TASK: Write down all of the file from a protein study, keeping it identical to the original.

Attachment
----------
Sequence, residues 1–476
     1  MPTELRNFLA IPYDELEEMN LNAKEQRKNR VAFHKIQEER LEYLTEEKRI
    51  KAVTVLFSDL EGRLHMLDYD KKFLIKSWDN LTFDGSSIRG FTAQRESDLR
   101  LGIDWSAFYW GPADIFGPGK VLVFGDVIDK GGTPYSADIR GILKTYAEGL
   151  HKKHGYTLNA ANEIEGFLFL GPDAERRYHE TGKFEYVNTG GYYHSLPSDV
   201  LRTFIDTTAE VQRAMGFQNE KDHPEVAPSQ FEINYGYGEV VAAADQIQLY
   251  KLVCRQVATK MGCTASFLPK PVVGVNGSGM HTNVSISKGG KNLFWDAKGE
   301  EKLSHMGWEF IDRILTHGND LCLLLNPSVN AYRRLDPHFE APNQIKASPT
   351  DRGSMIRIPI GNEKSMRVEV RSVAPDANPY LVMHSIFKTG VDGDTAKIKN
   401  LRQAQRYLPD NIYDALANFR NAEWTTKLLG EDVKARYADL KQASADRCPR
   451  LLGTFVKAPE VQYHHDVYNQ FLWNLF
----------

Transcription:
Sequence, residues 1–476
     1  MPTELRNFLA IPYDELEEMN LNAKEQRKNR VAFHKIQEER LEYLTEEKRI
    51  KAVTVLFSDL EGRLHMLDYD KKFLIKSWDN LTFDGSSIRG FTAQRESDLR
   101  LGIDWSAFYW GPADIFGPGK VLVFGDVIDK GGTPYSADIR GILKTYAEGL
   151  HKKHGYTLNA ANEIEGFLFL GPDAERRYHE TGKFEYVNTG GYYHSLPSDV
   201  LRTFIDTTAE VQRAMGFQNE KDHPEVAPSQ FEINYGYGEV VAAADQIQLY
   251  KLVCRQVATK MGCTASFLPK PVVGVNGSGM HTNVSISKGG KNLFWDAKGE
   301  EKLSHMGWEF IDRILTHGND LCLLLNPSVN AYRRLDPHFE APNQIKASPT
   351  DRGSMIRIPI GNEKSMRVEV RSVAPDANPY LVMHSIFKTG VDGDTAKIKN
   401  LRQAQRYLPD NIYDALANFR NAEWTTKLLG EDVKARYADL KQASADRCPR
   451  LLGTFVKAPE VQYHHDVYNQ FLWNLF